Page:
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‘Bogus beggar’ back at it after prison time

Updated: Nov. 10, 2020 at 7:09 PM EST
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LOUISVILLE, Ky. (WAVE) - He became known as the “bogus beggar” through his fake panhandling act all over Kentucky.

Gary Thompson was even caught in the act outside of a Lexington police news conference about him.

“I appreciate you guys busting me,” Thompson said. “Y’all really good at it, really good. I average about $100,000 a year doing this.”

He told reporters he used to be a millionaire, receiving $2.5 million in 1993, after being injured in a motorcycle accident.

“Mm, mm, money,” Thompson stammered, then smiled. “I gotta go, y’all, gotta make some money.”

Many times, Thompson vowed to stop faking a mental disability.

“If you can help me whenever I ask for money,” Thompson said, “I won’t act mental.”

I spotted him in 2016 panhandling in Louisville at fast-food restaurants, convenience stores, changing clothes to fit the situation, not needing his wheelchair during timeouts from his act, and then back at it waving down people downtown. When he spotted a guy in a tie he saw a potential pay day. But it was me wearing a hidden camera.

“Please help, fell out my wheelchair today,” Thompson said. “All my coins, somebody take it. Need bus fare get back home.”

“What’s wrong with you?” I asked.

“Hit by truck,” Thompson said. “But I no hurt that bad.”

“What’s your name?” I asked.

“My name Gary Davis,” Thompson said. “Nice to meet you.”

When I pulled out another camera, everything changed.

“You’re really Gary Thompson,” I said. “My name is John Boel with WAVE. I’ve been watching you. You’re the bogus beggar guy who makes $100,000 a year, right? You’re able to change your voice. I’ve seen all the stories on you.”

“That’s a lie,” he said.

“I noticed your speech got a little better just now,” I said.

“That’s a lie,” Thompson said. “I never asked them nothing. I go to Churchill Downs.”

“Gary, I know what your deal is,” I said. “Let’s be real, OK?”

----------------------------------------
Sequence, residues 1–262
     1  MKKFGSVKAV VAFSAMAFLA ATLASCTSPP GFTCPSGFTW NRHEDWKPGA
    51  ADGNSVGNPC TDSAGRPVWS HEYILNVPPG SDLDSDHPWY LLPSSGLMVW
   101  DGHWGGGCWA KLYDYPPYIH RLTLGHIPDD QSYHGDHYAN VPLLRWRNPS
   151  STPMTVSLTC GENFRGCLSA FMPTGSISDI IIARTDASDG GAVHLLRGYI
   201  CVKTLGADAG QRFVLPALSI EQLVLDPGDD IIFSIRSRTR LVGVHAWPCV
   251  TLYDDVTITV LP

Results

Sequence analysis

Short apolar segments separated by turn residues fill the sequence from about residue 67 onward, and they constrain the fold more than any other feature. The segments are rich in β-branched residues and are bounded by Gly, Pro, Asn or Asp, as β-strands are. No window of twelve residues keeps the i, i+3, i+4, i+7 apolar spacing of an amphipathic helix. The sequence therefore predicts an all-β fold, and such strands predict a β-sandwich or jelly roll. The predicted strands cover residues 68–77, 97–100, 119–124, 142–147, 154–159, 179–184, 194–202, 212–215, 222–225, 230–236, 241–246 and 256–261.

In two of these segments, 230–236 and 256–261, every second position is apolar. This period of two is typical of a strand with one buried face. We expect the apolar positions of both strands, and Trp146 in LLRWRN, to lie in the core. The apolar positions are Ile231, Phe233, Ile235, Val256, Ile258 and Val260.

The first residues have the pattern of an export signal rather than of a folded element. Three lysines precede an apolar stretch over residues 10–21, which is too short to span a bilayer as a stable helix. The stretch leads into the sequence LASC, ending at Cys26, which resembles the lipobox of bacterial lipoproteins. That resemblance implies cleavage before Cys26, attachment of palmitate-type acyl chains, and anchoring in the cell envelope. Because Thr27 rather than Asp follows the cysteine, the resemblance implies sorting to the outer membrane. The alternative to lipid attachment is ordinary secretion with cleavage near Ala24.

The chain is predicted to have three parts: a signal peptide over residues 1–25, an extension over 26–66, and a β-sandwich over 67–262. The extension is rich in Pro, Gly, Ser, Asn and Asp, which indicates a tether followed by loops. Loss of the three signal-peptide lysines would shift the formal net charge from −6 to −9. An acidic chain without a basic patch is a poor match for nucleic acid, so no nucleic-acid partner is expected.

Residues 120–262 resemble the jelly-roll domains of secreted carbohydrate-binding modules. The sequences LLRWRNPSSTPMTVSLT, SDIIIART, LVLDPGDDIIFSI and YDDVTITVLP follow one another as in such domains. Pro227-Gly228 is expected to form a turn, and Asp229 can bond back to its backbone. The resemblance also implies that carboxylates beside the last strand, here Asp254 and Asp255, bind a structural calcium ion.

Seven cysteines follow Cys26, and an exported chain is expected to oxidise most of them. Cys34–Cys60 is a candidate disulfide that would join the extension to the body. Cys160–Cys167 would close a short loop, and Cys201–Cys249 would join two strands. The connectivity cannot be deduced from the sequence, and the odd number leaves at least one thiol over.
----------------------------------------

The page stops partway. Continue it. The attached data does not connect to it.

“I not doing no deal here,” Thompson said. “Camera off. I don’t want to be on it.”

“Is it true you burned through $2.5 million in a motorcycle crash?” I asked. Thompson shook his head yes.

“I don’t want to be on camera,” Thompson said. “I break it.”

“Don’t you feel bad doing this when there are real people out here?” I asked.

“I’m not faking nothing,” he said.

After that confrontation, and other reports on Thompson, the “bogus beggar” became internationally infamous. It all caught up with him when federal investigators found out because they can do something about it when they get duped. Thompson pleaded guilty to falsely representing his mental condition in order to collect $106,000 in disability and Medicaid benefits over four years. But the 27 months in prison recommended in the plea agreement weren’t enough for the judge, who tacked on another 15, for a total of 42 months.

He’s out now and guess what he was doing? I’ve been following him around Louisville where he’s doing the same thing. Same spots, same stores, same routine. So I went undercover and walked past him while he was working people for money around convenience store gas pumps.

“My would like a big red and $2 for bus fare please,” Thompson asked me from his wheelchair.

“$2 for bus fare?” I asked.

“$1.50 there and $1.50 back,” he said. “So that makes 2 dollars right? How much that equals?”

“Three dollars,” I said. The mental disability act changed when he recognized who he was talking to.

“Are you Gary?” I asked.

“Are you John Boel?” He answered.

“Yes,” I said, while pulling out another camera.

“You’re still faking your condition,” I said. “Embellishing your condition.”

“I’m not,” Thompson said.

“When I first walked up on you, you had your voice changed,” I said.

“Yeah I have different personalities the doctor tells me,” Thompson said.

After contending he has multiple personalities, Thompson started showing physical problems right there.

“That’s a muscle spasm,” he said. “That’s a muscle spasm. I can walk a little bit.” He showed me the physical problems he claims to have. But I kept going back to his intellectual ability.

“What do you say to people who say you didn’t learn anything in prison?” I said. “You’re still faking your condition.”

“They’re liars,” Thompson said. “I’m not faking my condition."

”Isn’t that what you were convicted of?" I said. “Faking your condition? Getting government money?”

“That’s what I pled guilty yes,” he said. “I’m not faking any condition. My whole left side is paralyzed."

”You’ve seen the video over in Lexington," I said. “You’re laughing about it, saying ‘I make $100,000 a year. I can change my voice,’ which we’ve seen you do.”

“But I am disabled John, mentally and physically,” Thompson said after a long pause.

“How long have you been in Louisville?” I asked.

“About a month,” he said.

“What are you going to do next?” I asked.

“Try to get a job somewhere,” Thompson said. “Do the right thing and straighten my life up. I’m homeless now. I’m not a bogus beggar. I don’t have anything. I wasn’t bogus before. That’s all I have to say to you; have a good day.”

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